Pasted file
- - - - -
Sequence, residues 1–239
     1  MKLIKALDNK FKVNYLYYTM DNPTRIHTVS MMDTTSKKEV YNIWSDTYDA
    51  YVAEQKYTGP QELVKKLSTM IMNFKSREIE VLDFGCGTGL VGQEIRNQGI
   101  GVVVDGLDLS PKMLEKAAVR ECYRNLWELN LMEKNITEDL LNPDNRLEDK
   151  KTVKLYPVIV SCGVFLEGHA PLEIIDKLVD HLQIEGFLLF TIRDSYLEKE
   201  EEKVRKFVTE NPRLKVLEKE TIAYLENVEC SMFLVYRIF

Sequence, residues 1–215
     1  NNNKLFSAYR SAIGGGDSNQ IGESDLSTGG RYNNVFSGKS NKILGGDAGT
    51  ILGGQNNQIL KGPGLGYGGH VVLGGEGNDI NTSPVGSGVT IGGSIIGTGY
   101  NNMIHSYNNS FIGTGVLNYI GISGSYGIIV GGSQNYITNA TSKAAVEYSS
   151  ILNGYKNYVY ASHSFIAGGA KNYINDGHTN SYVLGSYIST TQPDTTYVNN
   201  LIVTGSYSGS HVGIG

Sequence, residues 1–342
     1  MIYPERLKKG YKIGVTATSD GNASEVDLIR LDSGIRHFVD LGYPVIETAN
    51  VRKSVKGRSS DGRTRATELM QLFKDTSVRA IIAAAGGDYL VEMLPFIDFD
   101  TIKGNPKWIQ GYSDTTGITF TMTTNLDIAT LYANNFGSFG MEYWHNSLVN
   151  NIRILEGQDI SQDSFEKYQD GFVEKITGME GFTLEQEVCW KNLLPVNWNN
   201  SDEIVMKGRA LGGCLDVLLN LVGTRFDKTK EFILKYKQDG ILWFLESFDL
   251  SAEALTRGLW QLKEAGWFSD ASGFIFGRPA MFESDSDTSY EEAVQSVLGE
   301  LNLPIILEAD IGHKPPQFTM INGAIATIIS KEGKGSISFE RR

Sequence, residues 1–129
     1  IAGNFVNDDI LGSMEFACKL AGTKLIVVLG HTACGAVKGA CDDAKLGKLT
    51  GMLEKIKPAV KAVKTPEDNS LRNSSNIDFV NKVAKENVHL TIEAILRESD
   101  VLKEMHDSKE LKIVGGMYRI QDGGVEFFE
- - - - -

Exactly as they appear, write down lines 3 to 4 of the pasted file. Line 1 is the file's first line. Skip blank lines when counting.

    51  YVAEQKYTGP QELVKKLSTM IMNFKSREIE VLDFGCGTGL VGQEIRNQGI
   101  GVVVDGLDLS PKMLEKAAVR ECYRNLWELN LMEKNITEDL LNPDNRLEDK